No one said it was easy and it does take a goodly amount of time. I found that burping the kitten after eating is also a good idea. Just hold the kitten close to you in the same manner as you would a baby and pat its back. Your vet will give you the correct amounts to feed your kitten as it ages. Besides feeding, the next most important job is making the kitten’s plumbing work. This requires a little patience, perseverance and determination to make it work. Without a functioning plumbing system I could lose our kitten.
For me the easiest way to get the kitten’s plumbing to work was using a q-tip that I dampened with warm water and then slowly rubbed it on the lower portion of the kitten’s tummy. If you think about it as the mother’s tongue licking that portion of the tummy you can get a better idea of what you are doing. It is sometimes necessary to softly rub the anal area to get it to remember what it is supposed to be doing.
Getting our kitten to urinate was fairly easy, but getting her bowels to move was a struggle for a while. There was a time or two when I knew she was constipated as her tummy was bloated and she was crying. I just kept rubbing softly and after what seemed like an eternity it happened. I don’t know who was happier the kitten or me.
When you are in the process of making the kitten produce urine or move its bowels it is wise to have paper towels in your lap to catch the overflow. It is important to keep all elimination areas clean just as a mother cat would. A wash cloth dampened in warm water and rubbed lightly over the entire body of the kitten will give the effect of the mother cat washing the kitten and help make it secure.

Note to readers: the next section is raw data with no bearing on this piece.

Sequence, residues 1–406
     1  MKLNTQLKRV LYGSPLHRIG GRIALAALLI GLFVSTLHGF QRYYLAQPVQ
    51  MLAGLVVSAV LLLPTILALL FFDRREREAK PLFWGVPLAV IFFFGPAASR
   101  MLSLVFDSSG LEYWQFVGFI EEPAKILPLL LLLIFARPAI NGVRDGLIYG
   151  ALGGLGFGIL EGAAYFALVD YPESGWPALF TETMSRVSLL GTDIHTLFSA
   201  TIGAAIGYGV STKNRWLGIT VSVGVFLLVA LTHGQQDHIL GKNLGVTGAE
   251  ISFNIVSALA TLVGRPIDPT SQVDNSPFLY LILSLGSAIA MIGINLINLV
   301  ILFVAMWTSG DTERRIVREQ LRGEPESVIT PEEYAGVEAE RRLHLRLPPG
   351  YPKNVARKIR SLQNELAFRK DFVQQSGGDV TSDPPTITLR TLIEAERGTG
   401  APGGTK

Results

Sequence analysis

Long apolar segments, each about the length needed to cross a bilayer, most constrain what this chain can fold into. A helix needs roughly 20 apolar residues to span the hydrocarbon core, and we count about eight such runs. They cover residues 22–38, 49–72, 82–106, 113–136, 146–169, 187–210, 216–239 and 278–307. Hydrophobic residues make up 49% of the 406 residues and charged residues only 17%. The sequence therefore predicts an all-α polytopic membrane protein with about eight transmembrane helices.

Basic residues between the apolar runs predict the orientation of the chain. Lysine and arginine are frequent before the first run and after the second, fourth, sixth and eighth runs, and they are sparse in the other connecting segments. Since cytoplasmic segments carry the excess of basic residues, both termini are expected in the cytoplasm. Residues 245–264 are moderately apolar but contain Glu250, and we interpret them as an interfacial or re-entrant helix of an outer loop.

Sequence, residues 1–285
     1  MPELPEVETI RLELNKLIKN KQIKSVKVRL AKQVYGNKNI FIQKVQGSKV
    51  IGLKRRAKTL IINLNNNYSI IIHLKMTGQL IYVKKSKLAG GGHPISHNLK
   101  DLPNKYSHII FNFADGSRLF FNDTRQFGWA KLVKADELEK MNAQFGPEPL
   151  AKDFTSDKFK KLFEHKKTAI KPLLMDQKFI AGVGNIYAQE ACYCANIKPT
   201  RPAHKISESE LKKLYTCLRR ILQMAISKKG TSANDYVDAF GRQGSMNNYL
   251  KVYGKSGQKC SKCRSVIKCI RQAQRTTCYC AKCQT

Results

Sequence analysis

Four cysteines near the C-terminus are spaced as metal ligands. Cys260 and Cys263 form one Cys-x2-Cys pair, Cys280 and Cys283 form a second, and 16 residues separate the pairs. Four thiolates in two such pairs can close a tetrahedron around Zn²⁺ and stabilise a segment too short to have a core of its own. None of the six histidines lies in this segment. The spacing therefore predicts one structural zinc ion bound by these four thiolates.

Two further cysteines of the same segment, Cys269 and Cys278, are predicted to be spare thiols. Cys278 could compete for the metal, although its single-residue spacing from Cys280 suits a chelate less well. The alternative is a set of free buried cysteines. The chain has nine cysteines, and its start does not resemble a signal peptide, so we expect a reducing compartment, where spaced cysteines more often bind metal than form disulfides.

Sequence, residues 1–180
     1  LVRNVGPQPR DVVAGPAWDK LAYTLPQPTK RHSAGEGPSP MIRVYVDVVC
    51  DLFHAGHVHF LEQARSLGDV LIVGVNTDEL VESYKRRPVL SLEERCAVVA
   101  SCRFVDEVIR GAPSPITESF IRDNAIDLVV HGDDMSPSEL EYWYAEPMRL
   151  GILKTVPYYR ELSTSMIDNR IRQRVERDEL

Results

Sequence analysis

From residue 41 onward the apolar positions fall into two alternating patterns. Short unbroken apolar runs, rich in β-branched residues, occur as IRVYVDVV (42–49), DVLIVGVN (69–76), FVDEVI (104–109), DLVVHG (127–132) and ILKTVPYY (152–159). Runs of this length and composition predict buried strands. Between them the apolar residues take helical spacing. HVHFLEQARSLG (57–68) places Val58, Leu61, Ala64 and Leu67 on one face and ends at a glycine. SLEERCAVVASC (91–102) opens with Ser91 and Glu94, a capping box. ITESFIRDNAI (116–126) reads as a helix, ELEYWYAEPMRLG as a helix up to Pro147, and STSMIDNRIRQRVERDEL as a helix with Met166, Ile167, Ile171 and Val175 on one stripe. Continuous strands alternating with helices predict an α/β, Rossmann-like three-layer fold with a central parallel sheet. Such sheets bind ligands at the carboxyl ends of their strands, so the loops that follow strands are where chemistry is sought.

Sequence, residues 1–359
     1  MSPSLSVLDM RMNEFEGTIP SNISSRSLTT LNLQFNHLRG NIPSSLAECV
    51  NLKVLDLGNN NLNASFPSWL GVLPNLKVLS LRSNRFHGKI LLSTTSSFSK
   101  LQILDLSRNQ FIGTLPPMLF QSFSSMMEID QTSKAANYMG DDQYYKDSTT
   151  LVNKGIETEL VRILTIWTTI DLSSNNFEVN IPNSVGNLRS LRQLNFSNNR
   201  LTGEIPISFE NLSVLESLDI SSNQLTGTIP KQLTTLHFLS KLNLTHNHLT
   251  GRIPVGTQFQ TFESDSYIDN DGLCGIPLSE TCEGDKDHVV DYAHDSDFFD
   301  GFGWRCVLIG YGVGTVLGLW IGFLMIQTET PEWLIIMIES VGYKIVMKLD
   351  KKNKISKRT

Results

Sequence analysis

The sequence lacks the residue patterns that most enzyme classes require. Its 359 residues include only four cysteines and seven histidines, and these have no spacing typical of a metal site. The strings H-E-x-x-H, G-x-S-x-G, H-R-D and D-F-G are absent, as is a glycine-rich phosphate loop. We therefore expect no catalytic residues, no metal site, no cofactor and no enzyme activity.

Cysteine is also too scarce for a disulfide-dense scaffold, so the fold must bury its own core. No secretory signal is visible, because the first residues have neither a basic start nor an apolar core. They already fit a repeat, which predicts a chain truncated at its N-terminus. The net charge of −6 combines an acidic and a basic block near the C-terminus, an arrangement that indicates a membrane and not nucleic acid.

Our kitten was a feral kitten, but because we found it at such a young age we did not have any of the normal “wild cat” reactions to our handling it. It is very important to handle your kitten and to have other people around it so it is not afraid of everybody. I started feeding Miss Tiger (we finally agreed on a name) some solid food at about 4 ½ weeks old. I mixed her milk with some Iam’s canned kitten food in a saucer. It took many tries of sticking her little nose to the dish to finally get the reaction I was looking for.
While you are in the process of weaning be certain to keep doing bottle or in my case eyedropper feeding until the kitten gets the hang of eating on its own. Once Miss Tiger started eating, we started litter training and with her it was easy. She seemed to know what the litter was for after just a couple times of me putting her in the box. Now to make a long story short, yes, she finally got to the vet. She was pronounced very healthy and got her shots and when it was the right time (9 weeks) we got her spayed.